Environmental Portrait Photography

Lesson 18/48 - Shoot: Action Shots In Studio


Environmental Portrait Photography


Lesson Info

Shoot: Action Shots In Studio

Now the last thing we're gonna do, and I swear it's the last thing we're gonna do, is we're gonna get out the Profoto B and I'm gonna shoot with that. Because I want him to dribble. And I wanna get, finish up with some studio action. So, the B2s are in this bag. Which is also inside this bag. And, when I shoot with the B2 for that on-camera flash look I use the seven inch reflector, same reflector we just used here, to give me a little bit of control of the light spill but also kind of amplify where that light's going. So, we're good there. The thing about the B2 is it does have a cord so the battery is in the bottom of the pack. It's still all wireless. You don't need power from the wall or anything like that. But, because the battery is down here it makes the actual light head only weigh, so the strobe head itself only weighs about a pound-and-a-half so I can hold it above my camera and not get a workout in at the same time I'm shooting. All right, so what we're gonna do is we're gon...

na hand-hold one, and you could shoot TTL and kind of bracket accordingly. I don't like doing that. I like to have control myself. So we're still gonna go for F8. So in this case, I'm gonna hand you this guy. And you don't have to do anything other than hold it above your forehead. And I'm gonna take a test shot. So I'm gonna know I'm gonna be about right here. One, two, three. Ah, we're at 10. So I need to go down a little bit. One more test shot. Um, see if, there's a button by your middle finger. Click that real quick. And then hold it back by your head. Boom. We're perfect. So now if I stay about this distance from him, we're at F8, we're good. Thank you Brock. All right, so I'm gonna shoot pretty wide 'cause I want some action shots. So, one quick test shot. One, two, three. All right, so what I want you to do is I want you to actually dribble, and, kind of like you're, you're messing around with the ball. Whether you're throwing it from one hand to the other, even not dribbling it, so just scoot, yeah, do that. Look at the ball. I'm gonna keep shooting. Let me, zoom in where I want here. Get the frame I want. There we go. Looking towards camera a little bit. Looking down towards what you're doing. Yeah. So this is that kind of paparazzi on camera flash. So look towards camera. Little attitude. Yep. Looking of to the side. You can turn a little bit. You can dribble. You can spin the, whatever you wanna do. I don't care. I'm just gonna keep shooting. I'm actually gonna go wider. That's why I like using this lens. So kind of get down in a more aggressive stance, almost like we're playing one on one here. Take some really wide dribbles. Okay. That's good for that. 'Cause I'm feeling like, that's pretty, you guys got the idea and I'm getting hot. So, this is kind of a look, there's a photographer named Peggy Sirota out of L.A. She shoots a lot of stuff for GQ. Uses a lot of wide angle lens with this type of light. It has that feel. She shot Kobe Bryant in a similar situation to this. But that's kind of how you achieve that look. I think we're good with you man. You did great. We got some great pictures. So we'll get those to you. But I want everybody to say thanks to Brock here for being a good sport and, (audience clapping) and I think we got some pretty cool stuff. So I'm gonna move this light out of the way. And again with this type of look if you wanted to fill in some of those shadows on the ground, window, you could use this umbrella and fill in more too.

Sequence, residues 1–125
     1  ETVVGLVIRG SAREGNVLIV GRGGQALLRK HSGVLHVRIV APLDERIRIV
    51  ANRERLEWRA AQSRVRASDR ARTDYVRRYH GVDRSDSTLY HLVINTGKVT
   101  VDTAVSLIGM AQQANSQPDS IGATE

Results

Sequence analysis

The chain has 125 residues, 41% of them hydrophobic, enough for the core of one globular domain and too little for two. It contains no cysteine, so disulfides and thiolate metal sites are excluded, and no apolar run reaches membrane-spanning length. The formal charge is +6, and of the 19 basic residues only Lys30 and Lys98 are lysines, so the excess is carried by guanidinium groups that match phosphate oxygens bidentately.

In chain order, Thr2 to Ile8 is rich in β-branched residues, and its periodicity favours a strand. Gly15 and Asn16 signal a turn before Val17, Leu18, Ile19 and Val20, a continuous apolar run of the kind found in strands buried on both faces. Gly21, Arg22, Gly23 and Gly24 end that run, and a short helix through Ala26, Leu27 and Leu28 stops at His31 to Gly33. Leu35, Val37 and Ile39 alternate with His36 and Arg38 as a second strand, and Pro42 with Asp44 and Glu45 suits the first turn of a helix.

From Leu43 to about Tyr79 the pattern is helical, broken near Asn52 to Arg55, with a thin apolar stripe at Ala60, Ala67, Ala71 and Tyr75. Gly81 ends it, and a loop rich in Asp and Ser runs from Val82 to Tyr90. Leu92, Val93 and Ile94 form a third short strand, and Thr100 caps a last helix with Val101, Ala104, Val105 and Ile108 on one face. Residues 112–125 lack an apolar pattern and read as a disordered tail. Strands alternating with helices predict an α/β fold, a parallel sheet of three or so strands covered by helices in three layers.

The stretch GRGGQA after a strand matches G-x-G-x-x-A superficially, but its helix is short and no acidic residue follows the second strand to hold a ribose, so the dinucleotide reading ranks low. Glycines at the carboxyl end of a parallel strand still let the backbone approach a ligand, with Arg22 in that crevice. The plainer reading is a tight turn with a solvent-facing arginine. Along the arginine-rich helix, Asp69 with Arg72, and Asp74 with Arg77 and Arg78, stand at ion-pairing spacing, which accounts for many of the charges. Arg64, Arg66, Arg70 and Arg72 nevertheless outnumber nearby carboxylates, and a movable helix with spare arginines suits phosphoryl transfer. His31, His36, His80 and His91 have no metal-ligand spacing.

Class Description

Are most of your portrait sessions in an environment other than a studio? Learn to light your subject in any setting through simple techniques that lead to dynamic photos. Editorial photographer and lighting expert, Dan Brouillette teaches how to work in and shape light for any environment (indoors or outdoors) while creating a workflow that allows you to work independently and quickly. You’ll learn:

  • How to light in a variety of portrait scenarios
  • The benefits of tethering while shooting
  • Quick lighting solutions to enhance your shot on set
  • Culling techniques and post processing tactics to create high end images and portfolios

By incorporating light in new and inventive ways, Dan will help you push the boundaries of your portraits and improve your workflow. It’s time to work on your skills and expand your creativity to attract the clientele you’ve always wanted to have. 


Julie V

I had the chance to sit in the audience for this class and absolutely loved it. Watching Dan create amazing images from start to finish in front of us was so inspiring. I've learned so much from this class. It actually gave me the confidence to start playing with lights in my studio. It was really useful to see how he sets his lights and how he can easily mix ambient light with artificial. I also love how he focuses on getting the image right in the camera to only do light edits after. I recommend this class to anyone wanting to learn more about lighting, shooting tethered and editing efficiently!

Rita Carmo

I do this kind of Photography for almost 20 years (previously in film, obviously). I can see myself exactly in all that Dan is teaching. Congrats! It is so great to see that, (almost) on the other side of the globe, we can work exactly the same way :)

Terry Hammond

The information given so far is so valuable! Dan is so relateable and shares personal experiences that I personally connect with! He shares information that I thought would be a stupid idea; a perfect example being taking a notebook onto shoots with things to remember. Dan even said that sometimes he also goes mind blank on set, so the notebook keeps him grounded. Love this guy!!